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Evidence Based Practice and Finding the Information You Need
 

Evidence Based Practice and Finding the Information You Need

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EBP presentation geared towards Physical Therapy students enrolled in PT 610 at the University of South Alabama

EBP presentation geared towards Physical Therapy students enrolled in PT 610 at the University of South Alabama

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    Evidence Based Practice and Finding the Information You Need Evidence Based Practice and Finding the Information You Need Presentation Transcript

    • Clista Clanton, MSLS, AHIP August 27, 2009
    • Evidence-Based Practice
      • Evidence-Based Practice (EBP) requires that decisions about health care are based on the best available, current, valid and relevant evidence. These decisions should be made by those receiving care, informed by the tacit and explicit knowledge of those providing care, within the context of available resources.
      Dawes, M., Summerskill, W., Glaszion, P., Cartabellotta, A., Martin, J., Hopayian, K. et al. (2005) Sicily statement on evidence-based practice. BMC Medical Education , 5. Retrieved 7/22/09 from http://www.biomedcentral.com/1472-6920/5/1
    • Evidence-Based Medicine
      • "Evidence based medicine is the conscientious, explicit, and judicious use of current best evidence in making decisions about the care of individual patients. The practice of evidence based medicine means integrating individual clinical expertise with the best available external clinical evidence from systematic research.”
      Sackett, D.L. et al. (1996) Evidence based medicine: what it is and what it isn't. BMJ 312 (7023), 13 January, 71-72.
    • Adapted from: Sackett D.L., Rosenberg M.C., Gray J.A., Haynes R.B., Richardson W.S. (1996). Evidence based medicine: what it is and what it isn't. BMJ, 312, 71-72.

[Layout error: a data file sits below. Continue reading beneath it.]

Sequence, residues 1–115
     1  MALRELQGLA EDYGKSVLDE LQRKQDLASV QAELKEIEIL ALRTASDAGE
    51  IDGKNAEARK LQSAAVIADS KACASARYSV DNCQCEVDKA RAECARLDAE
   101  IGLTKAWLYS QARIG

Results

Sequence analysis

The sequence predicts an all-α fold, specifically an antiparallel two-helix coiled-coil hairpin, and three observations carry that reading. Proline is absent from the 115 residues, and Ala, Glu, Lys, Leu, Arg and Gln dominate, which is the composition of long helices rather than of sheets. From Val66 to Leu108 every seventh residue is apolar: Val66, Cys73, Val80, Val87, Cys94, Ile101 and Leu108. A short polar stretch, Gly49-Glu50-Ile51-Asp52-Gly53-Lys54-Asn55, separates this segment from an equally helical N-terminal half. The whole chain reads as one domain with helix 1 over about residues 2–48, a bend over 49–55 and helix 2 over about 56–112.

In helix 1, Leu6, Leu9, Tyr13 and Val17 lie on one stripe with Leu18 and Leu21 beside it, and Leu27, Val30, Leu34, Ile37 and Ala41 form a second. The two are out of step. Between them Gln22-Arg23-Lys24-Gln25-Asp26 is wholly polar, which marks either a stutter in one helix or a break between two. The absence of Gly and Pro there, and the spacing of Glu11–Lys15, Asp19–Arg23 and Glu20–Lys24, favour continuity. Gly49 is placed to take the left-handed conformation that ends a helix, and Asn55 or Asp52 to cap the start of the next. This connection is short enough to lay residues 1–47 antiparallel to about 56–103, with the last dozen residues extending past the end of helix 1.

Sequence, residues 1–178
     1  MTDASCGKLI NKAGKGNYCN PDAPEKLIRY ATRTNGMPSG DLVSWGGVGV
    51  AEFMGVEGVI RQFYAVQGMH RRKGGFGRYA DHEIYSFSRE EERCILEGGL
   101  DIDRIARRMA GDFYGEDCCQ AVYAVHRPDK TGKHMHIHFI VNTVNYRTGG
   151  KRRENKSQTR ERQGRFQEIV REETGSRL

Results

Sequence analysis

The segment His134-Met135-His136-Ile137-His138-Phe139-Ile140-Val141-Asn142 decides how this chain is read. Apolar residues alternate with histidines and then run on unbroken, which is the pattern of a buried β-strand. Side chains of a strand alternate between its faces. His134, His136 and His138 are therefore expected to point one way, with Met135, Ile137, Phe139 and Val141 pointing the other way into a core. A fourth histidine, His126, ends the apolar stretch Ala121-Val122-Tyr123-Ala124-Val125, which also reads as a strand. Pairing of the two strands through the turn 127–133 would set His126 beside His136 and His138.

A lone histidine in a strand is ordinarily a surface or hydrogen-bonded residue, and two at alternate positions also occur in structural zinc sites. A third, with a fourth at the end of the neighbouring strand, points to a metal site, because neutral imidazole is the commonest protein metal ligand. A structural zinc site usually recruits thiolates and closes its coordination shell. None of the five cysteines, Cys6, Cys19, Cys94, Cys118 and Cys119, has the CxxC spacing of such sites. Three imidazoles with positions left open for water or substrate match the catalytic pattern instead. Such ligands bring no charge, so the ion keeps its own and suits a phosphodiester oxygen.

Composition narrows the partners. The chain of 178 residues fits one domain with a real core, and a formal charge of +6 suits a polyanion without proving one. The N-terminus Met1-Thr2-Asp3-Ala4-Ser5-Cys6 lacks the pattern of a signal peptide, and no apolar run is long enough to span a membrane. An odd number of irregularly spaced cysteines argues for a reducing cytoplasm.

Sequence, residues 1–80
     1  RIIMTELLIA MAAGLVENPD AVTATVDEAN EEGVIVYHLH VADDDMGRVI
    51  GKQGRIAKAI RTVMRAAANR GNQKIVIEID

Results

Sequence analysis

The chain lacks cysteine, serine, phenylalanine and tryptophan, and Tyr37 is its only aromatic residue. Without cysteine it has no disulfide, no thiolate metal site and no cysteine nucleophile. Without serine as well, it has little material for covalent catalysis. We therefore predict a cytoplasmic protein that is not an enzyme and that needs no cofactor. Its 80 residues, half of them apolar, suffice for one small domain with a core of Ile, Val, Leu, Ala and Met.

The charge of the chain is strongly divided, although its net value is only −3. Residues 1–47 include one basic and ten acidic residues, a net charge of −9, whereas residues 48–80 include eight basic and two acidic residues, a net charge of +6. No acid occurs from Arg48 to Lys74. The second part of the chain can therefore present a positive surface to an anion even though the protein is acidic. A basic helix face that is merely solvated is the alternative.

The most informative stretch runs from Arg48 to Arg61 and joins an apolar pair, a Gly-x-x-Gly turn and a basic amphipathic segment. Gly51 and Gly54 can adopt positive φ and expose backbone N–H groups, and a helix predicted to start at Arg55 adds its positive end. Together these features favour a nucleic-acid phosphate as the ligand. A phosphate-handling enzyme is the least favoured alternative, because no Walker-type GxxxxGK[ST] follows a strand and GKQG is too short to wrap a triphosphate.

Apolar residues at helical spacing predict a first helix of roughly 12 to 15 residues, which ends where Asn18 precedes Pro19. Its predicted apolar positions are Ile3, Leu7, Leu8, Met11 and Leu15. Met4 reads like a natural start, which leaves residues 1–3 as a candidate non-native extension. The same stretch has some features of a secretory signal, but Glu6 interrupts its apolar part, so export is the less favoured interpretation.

• Developing the Clinical Question
      • Step 1: Formulate the clinical issue into a searchable, answerable question.
      • Step 2: Distinguish what type of question you may have.
      Background Foreground Experience with Condition
    • Background Questions
      • Background questions ask for general information about a condition or thing.
        • A question root (who, what, when, etc) combined with a verb.
        • A disorder, test, treatment, or some other form of healthcare.
          • What causes arthritis?
          • What is the recommended length of exercise for pregnant women?
      Background questions are typically answered by textbooks.
    • Foreground Questions
      • Foreground questions ask for specific knowledge about a specific patient with a specific condition.
        • Are specific stabilization exercises any more effective than general strengthening exercises for low back pain?
        • Are strengthening exercises contraindicated in people suffering from post polio syndrome?
      Foreground questions are typically answered by databases that access the research literature
    • Developing the question
      • Foreground questions usually have four components.
      P = P atient population I = I ntervention C = C omparison O = O utcome
    • PICO: Components of an answerable, searchable question Melnyk, B. M., & Fineout-Overholt, E. (2005). Evidence-based practice in nursing & healthcare : A guide to best practice . Philadelphia, PA: Lippincott Williams & Wilkins. Patient population/disease The patient population or disease of interest - age - gender - ethnicity - with certain disorder (e.g., hepatitis) Intervention The intervention or range of interventions of interest - Exposure to disease - Prognostic factor A - Risk behavior (e.g., smoking) Comparison What you want to compare the intervention against - No disease - Placebo or no intervention/therapy - Prognostic factor B - Absence of risk factor (e.g., non-smoking) Outcome Outcome of interest - Risk of disease - Accuracy of diagnosis - Rate of occurrence of adverse outcome (e.g., death)